I posted a picture of a forest service yield sign on my pictures at http://hikearizona.com/photo.php?ZIP=161023. I tried and failed to post it here.
10b_22.jpg
Last edited by BrettVet on Nov 01 2010 10:45 am, edited 2 times in total.

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imike
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Re: Trail Etiquette question

Post by imike » Oct 23 2010 7:58 pm

Sounds like a good policy and practice... does not take all that much time to get by horses if the riders know what they are doing.

When bikes first began using roads (late 1800's...) there was policy and often law that required them to remove the bike completely from a horse's site... then again, there was also a general feeling that they were instruments of the devil... :x :doh: :x
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Re: Trail Etiquette question

Post by Tough_Boots » Oct 24 2010 9:38 am

BrettVet wrote:Yielding on the trail is not based on what is right or wrong, who has more rights to the trail, or who is tired or not. It is based on what will make the interaction the safest for all involved.
When I come across someone or a group on horseback, I just get well out of the way. It seems the safest and simplest way to do it. Its much easier for me to momentarily move off the trail than for someone on horseback to skirt off trail around cactus and cholla. My only issue has been when going the same direction and I'm moving a little faster (usually on downhill rocky slopes where horses get skittish) and the riders don't seem to care about getting out of my way.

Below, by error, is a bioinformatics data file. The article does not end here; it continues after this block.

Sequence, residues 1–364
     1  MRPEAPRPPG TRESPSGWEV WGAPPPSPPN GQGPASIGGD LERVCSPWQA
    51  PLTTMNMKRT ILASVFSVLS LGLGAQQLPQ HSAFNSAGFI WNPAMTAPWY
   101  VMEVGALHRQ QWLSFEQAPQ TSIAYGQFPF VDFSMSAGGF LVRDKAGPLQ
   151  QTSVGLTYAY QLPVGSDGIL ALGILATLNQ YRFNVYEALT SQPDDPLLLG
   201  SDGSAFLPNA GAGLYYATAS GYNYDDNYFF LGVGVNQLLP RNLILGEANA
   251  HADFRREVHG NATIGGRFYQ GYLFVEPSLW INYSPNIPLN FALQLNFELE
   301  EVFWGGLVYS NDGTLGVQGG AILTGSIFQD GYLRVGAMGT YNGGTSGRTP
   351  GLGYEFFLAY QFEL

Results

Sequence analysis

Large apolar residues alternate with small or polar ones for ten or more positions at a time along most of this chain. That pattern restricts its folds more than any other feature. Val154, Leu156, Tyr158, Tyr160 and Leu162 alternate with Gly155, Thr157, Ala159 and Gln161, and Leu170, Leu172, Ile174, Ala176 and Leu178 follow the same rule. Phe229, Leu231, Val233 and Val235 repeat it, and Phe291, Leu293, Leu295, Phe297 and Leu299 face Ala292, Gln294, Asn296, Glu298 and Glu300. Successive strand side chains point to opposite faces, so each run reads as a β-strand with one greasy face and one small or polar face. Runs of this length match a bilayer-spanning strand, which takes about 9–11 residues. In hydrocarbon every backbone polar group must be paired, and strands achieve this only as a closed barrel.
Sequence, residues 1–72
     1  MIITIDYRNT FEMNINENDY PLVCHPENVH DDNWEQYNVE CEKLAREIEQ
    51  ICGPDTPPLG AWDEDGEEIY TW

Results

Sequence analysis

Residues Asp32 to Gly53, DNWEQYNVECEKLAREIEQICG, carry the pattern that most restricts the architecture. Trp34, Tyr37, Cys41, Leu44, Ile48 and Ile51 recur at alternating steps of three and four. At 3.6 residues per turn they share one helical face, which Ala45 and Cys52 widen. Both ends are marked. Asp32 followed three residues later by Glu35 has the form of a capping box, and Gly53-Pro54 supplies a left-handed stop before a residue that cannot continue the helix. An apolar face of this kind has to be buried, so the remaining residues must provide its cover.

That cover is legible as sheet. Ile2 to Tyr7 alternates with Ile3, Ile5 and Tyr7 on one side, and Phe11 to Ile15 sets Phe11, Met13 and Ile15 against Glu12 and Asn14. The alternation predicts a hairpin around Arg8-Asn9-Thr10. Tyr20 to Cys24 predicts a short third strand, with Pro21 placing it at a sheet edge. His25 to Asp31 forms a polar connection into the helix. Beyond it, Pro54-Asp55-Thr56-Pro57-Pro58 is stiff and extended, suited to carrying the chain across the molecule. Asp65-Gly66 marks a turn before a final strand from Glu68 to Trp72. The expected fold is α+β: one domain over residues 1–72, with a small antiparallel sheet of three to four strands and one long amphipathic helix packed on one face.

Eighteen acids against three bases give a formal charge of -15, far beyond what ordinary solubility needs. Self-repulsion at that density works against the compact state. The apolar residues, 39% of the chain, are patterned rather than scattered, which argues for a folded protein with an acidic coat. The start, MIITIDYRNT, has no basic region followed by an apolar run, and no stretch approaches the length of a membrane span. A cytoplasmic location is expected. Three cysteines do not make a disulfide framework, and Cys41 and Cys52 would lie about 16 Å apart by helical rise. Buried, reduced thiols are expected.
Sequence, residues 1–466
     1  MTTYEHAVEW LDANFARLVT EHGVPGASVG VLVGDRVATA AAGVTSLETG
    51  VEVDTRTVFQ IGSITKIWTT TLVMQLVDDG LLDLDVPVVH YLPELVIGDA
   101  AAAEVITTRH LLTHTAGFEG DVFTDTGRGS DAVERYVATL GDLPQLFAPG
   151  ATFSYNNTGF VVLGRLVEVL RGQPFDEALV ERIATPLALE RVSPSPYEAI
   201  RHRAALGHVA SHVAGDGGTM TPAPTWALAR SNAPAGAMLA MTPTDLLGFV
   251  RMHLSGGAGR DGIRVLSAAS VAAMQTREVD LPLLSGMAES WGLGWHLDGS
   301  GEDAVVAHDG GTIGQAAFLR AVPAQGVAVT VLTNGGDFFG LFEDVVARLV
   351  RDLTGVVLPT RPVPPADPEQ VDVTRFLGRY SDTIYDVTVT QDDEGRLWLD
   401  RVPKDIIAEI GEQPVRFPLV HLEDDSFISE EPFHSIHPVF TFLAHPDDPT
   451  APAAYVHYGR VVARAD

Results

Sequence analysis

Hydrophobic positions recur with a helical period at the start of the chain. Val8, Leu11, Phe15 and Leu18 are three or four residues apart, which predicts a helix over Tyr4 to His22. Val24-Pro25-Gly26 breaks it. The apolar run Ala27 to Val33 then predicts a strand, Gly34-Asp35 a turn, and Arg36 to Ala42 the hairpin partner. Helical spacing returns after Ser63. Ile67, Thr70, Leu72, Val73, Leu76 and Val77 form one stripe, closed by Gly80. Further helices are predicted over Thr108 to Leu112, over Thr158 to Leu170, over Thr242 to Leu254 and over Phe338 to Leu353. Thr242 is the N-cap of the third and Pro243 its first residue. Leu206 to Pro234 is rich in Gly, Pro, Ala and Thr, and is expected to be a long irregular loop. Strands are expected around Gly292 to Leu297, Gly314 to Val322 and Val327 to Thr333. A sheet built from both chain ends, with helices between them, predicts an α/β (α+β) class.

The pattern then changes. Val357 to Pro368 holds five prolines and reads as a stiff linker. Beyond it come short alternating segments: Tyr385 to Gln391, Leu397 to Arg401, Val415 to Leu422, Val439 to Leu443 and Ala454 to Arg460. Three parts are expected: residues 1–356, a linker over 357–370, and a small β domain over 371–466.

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BrettVet
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Re: Trail Etiquette question

Post by BrettVet » Oct 24 2010 8:25 pm

My only issue has been when going the same direction and I'm moving a little faster (usually on downhill rocky slopes where horses get skittish) and the riders don't seem to care about getting out of my way.
It's usually not the horse that is the problem, it's the horses ass on them. The same applies , just insert bike.

Horses do think that mountain bikes are the devil himself ...it just doesn't seem natural. Or maybe it is the tight pants. 3/4 of horses will spook if they see one moving. This is why they are last on the yield rules.
.

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Re: Trail Etiquette question

Post by SgtLumpy » Mar 04 2013 4:24 pm

I'm late to the party. Pardon me for reviving the thread.

I hike AND I ride a horse. Random thoughts...

While hiking, I will nearly ALWAYS try and step aside and ACTIVELY NOTIFY bikes, hikers, horses - ahead or behind me that they are clear to pass me. That gives me a chance to be a bit of a "hiking ambassador". Even if they are a buttuski, they might just think "Hey that hiker was considerate". If they don't think that, no problem. At least I got out of the way and didn't get hurt. Getting hurt/killed or not ALWAYS trumps rules/laws/etiquette.

While mounted on horseback, I'm a much more dangerous weapon. As with carrying any weapon, I need to always have that in mind. If a biker runs into me and my horse, a nearly solid wall of nearly 1300 lbs, the biker will lose every time. The horse may startle a bit but she's a half ton of leather covered muscle. You can hit most trained horses pretty darn hard and unless it's in the eyes or the gonads, they are simply annoyed. But annoyed or panic'd, they will hurt anything that runs into them. If the horse then gets aggressive, as in a biker gets off his bike and appears threatening, the horse will "fight or flight". If they fight, the aggressor might very likely die. If they flight, the aggressor may be showered with horse hooves and loose rocks. Picture running face first into one of those mats they mount on the wall behind a basketball goal in the gymnasium.